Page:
Anne Robinson, Karen Saxby
The nineteenth century saw the emergence of more professional women artists than ever before. But they still faced the age-old presumption: that a woman's role in life was to marry and have children. If they were ambitious enough to flout convention, they were still hampered by their lack of proper training. But from mid-century onwards, women were able to attend private art schools in Paris and could, for the first time ever, study the nude figure. Paris was the centre of the art world, the fountainhead of revolutionary styles of painting - Impressionism, Post-Impressionism and Cubism - which succeeded one another with bewildering speed. Many of the artists who flocked to the city were the emancipated New Women who had the confidence to take advantage of their new-found freedom and of a thriving art market.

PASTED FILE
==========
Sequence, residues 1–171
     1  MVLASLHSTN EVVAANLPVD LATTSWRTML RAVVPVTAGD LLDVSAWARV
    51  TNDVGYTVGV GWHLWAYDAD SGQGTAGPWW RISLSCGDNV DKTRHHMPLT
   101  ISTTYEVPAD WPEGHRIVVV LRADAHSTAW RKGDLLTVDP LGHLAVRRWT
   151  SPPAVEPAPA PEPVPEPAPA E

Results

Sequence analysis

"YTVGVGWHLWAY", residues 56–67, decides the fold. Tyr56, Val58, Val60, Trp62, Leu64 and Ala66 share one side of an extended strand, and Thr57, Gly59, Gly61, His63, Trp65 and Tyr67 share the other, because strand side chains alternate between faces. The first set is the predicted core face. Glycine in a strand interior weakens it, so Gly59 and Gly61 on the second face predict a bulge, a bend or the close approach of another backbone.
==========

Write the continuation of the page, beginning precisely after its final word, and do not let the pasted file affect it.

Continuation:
This book examines the careers of well-known artists like Mary Cassatt and Berthe Morisot, but also of artists who have been consistently ignored by museums, galleries and art historians. It introduces superb artists from not just France, but America, Britain, Scandinavia, Finland and Russia. The chapters describe the life of foreign students attending the Paris art schools; the artists's colonies that spread throughout Europe; the young Americans who travelled to Rome to pursue careers as sculptors; and the often tragic lives of women who acted as muses to male artists. The book is enriched with sixty illustrations in glorious colour.